As you assess the strengths, challenges, and voice of your neighborhood, you WILL find people who are already doing great work. These might be individual residents who have a strong positive influence on the community. They might be institutions like local schools, churches, or businesses. It’s essential to cultivate relationships with people in these positions of influence. To move your Community Development work forward, it is necessary to align around common objectives. The assessment phase will often bring these priorities to light!
How do you get to know them? Introduce yourself! Seek out ways to spend time with principals, teachers, civic leaders, pastors, and more. Listen to what their experiences and dreams for the neighborhood are. The more you identify common priorities and goals, the better you can coordinate.
A multi-faceted, collaborative approach to local solutions has the best chance of success.
#4 Activate a Long-Term Plan
Once you’ve gathered a coalition who want to work together for change, get together and create a plan. One way the Lupton Center loves to do this over a period of 2 years through our City Shapers program. It takes time to create a plan, implement it, and make adjustments along the way.
How to Create a Plan for Community Development
Creating a plan for Community Development in a Neighborhood takes time. It’s always helpful to have outside voices mentoring you or coaching you through the process. We like to provide people with opportunities for mentorship like Leaders Lab. Here’s an overview of how to create a plan.
#1 Identify Key Priorities with Partners
Once a group of collaborators agrees to do neighborhood development together, then it’s time to choose focus areas.
One way to find a focus area is to look for factors that have a disproportionate impact. For instance, think of housing instability in a specific neighborhood. Neighbors are transient due to unemployment and a lack of affordable housing. This problem creates a downward spiral — new people don’t want to move into the neighborhood because it has a high vacancy rate. Elderly neighbors live alone on their blocks and want to move somewhere safer. Local schools struggle for traction with families who move. Prospective businesses don’t have enough of a customer pool to move in. Collaborators in a neighborhood like this might decide they want to tackle housing.
Whatever linchpin the group identifies, the next step is figuring out if you can do something about it. In the example above, an organization might be able to generate more housing stock. But if they need to lobby for new zoning laws before doing anything, it might be a less strategic choice.
Basically, look for the systems that create inflection points in your neighborhood. Then, figure out if they are within the group’s realm of influence.
#2 Decide who will do what
When we think of holistic development, it’s important to remember that no one organization can do it all. Partnership is key. Identify which community partners have the expertise to tackle a certain system.
Even as you collaborate, remember to create integrated solutions together. Every initiative you undertake should serve multiple purposes. For example, when FCS opened Carver Market & Community Grounds, they didn’t just provide access to coffee and groceries. They employed 12 neighbors and gave the neighborhood a safe place to hang out.
Work together to create solutions that will work on multiple fronts. Then, decide who is most suited to undertake them and how others can support.
#3 Evaluate Community Impact
Data guides every successful community development effort. When creating a plan for neighborhood revitalization, it’s crucial to define success. Neighbors should have a massive voice in this process. We highly encourage every community development organization to solicit regular feedback from neighbors.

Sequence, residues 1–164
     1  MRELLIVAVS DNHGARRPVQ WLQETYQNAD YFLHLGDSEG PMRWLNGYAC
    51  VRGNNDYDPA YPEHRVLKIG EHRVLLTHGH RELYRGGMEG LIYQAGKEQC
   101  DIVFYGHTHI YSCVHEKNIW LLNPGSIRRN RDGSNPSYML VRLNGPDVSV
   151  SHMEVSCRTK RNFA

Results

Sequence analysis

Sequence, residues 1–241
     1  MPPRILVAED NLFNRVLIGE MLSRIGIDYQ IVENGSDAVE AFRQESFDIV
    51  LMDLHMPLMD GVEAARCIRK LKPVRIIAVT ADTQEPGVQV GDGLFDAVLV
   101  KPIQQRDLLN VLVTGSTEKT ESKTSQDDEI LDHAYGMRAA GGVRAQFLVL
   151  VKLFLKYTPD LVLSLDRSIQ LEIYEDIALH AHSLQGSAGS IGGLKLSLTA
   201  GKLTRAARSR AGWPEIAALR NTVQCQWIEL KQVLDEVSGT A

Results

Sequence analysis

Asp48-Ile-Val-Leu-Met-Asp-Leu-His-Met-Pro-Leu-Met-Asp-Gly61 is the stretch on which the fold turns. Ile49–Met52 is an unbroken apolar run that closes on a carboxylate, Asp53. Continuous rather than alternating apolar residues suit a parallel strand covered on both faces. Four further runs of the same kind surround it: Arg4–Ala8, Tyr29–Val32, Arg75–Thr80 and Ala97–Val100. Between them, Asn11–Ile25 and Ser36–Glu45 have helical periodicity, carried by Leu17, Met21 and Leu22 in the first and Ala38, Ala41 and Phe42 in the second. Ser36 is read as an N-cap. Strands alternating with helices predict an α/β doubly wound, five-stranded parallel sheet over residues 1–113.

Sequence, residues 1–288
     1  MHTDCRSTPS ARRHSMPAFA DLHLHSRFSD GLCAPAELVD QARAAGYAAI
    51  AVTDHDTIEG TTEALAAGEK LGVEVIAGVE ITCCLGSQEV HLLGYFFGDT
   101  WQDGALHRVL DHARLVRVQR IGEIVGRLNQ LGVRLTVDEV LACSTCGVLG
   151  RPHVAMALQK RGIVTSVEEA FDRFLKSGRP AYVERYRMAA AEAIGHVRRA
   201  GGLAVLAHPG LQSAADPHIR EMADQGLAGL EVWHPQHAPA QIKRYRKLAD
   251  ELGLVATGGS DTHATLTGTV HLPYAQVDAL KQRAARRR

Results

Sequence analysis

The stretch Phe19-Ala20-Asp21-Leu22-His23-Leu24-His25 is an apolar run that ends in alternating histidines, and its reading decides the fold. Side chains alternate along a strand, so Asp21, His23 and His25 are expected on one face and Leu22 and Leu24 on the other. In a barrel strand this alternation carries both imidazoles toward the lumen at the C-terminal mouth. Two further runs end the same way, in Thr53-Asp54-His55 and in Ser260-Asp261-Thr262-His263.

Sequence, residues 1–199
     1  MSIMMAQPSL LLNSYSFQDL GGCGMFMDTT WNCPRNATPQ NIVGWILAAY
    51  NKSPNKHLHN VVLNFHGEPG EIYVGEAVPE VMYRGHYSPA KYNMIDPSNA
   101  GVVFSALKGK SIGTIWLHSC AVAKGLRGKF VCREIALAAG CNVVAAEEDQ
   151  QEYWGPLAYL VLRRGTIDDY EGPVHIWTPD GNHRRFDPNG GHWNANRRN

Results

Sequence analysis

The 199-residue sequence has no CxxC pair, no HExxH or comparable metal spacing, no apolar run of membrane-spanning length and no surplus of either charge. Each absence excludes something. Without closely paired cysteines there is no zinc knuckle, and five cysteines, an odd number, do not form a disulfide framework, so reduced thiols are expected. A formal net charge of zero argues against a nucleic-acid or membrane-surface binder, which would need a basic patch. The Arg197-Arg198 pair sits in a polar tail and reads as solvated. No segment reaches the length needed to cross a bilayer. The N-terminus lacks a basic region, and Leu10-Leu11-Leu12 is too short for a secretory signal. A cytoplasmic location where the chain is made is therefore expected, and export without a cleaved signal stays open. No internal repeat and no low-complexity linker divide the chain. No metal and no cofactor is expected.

Benchmarks and targets should focus on measurable change in poverty indicators. These could look like homeownership rates and vacancy rates for a group focusing on housing. It could mean the local unemployment rate for a group doing social entrepreneurship. A community health organization might look for a reduction in health emergencies.
Once you figure out what success looks like, create a SMART goal for set periods of time. We encourage periods like 1 year, 2 years, 5 years, 10 years. You can always revisit these, but they will create accountability as you move forward.
Evaluating Community Development Impact
Community Development is all about eliminating chronic material poverty. So the best way to evaluate Community Development work is to find out if it’s doing that.
It’s tempting to only measure program outputs like meals served. They can be important measures to show whether an organization is fulfilling its commitments. But these metrics don’t show whether those meals were effective in reducing poverty.
Look for results that show poverty is declining in the neighborhood. Of course, chronic poverty isn’t just about money. Disrupting chronic poverty can include things like physical health, food security, or a sense of neighborhood cohesion.
In order to find the right measure, it’s crucial to know what change neighbors want to see. If they want fewer vacant houses in the neighborhood, it might not be strategic to measure unemployment rates. If parents want to see more learning opportunities for their kids, measuring average household wealth might not work. In these examples, the metrics may indicate poverty reduction. They just don’t map onto what the community sees as success. Choose a metric that will connect with the change your neighbors want to see.
Evaluate your results at regular intervals. And be sure to invite neighbor and partner feedback often. Take heart and keep tracking! This holistic approach does yield results over time. Even better, the results you get are lasting ones.
Community Development disrupts chronic poverty. It’s collaborative. It focuses on systems and solutions. Ultimately, it impacts neighborhoods and individuals at the same time. At its best, Community Development creates an environment where people can thrive. These efforts create a long-lasting impact and transform communities for good.
We are so glad that you are taking steps to make a lasting impact in your neighborhood! Click here to keep us posted on your journey, we’d love to connect.